Maybe this is the reason for Mona Lisa’s mysterious smile, is it a case of poor monitoring or a transfer gone wrong, or possibly few jokers who made up their mind to vanish some paintings from the shelves of Tel Aviv Museum?
Every eight years, Tel Aviv Museum counts the creations that are in its holdings. Apparently, between one count and the following several creations have gone missing from the shelves. What happens in the building every day when the light turns off? Who holds the glass shoe that fell from Cinderella’s foot?
The vision of Meir Dizingoff, Tel Aviv’s first mayor, to build an artistic center that will touch the human’s culture and spirit of creation indeed emerged to life when in 1932 the Tel Aviv Museum of Art was founded, first in his house on Rothschild Street, and later in the Helena Rubinstein building for Contemporary Art on Shderot Tarsat Street (1959) and in his final location on Shderot Shaul Hamelech Street (1971). Over the years, the museum was expanded, redecorated and broaden the scope of its exhibitions (brand new department on the west side of the museum in 2011 and Photography and Visual Art Museum in 2013).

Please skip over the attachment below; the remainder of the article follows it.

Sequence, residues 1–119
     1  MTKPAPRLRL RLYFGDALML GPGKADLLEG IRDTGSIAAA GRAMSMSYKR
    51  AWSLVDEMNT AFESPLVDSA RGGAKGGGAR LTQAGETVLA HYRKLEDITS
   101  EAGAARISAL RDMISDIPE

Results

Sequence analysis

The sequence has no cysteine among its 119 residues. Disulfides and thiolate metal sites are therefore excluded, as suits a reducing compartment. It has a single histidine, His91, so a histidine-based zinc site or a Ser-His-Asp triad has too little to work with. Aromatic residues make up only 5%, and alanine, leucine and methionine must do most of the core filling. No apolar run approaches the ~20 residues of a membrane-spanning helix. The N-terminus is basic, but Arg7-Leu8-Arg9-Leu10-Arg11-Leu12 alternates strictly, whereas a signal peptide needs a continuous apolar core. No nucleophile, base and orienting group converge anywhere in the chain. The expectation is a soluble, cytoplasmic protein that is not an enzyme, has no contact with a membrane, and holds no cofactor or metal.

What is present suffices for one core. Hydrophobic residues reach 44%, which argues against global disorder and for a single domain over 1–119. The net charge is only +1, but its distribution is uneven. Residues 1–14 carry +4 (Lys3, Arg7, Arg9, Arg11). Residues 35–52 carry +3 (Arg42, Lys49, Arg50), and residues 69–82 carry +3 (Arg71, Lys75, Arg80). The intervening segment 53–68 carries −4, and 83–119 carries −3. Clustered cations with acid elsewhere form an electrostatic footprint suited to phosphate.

If we would like to count the pieces presented in the museum, we probably couldn’t. The exact number is unknown. Why? This is a very good question.
As said, Tel Aviv Museum counts the creations under its roof every eight years, and there are presumably 34,000 pieces in its various departments. The number is not accurate since between one count and the other it was found the more than 500 pieces are missing (reproductions and originals). Where are they? Did someone bother to investigate? And how is it possible that immensely valuable pieces, both financially and emotionally, simply vanish into thin air?
Tel Aviv City Hall’s supervisor notes in her report from 2010 that the art collections are managed in different methods. Also, the report exposed that the manager and head curator at the time, Prof. Mordechai Omer (who passed away since then), worked without a contract and was paid beyond his position’s scope for several years.
The public’s benefit. Or is it not?
The museum is a municipal corporation that is registered as a company for the public’s benefit and belongs to the City Hall of Tel Aviv. The museum operates thanks to funding from the state the Tel Aviv City Hall. Additionally, it enjoys donations and self-incomes. Therefore, where is the public’s property that has vanished?
The museum’s space is monitored by security caners, but since these last counts, did the museum upgrade its monitoring method from registration notebooks to computerized programs which are more accurate and responsible? Did the monitoring over exit and entrance of each piece become more responsible? And even if this is the case, who is accountable for all this pieces with unknown fate? A question to ponder on…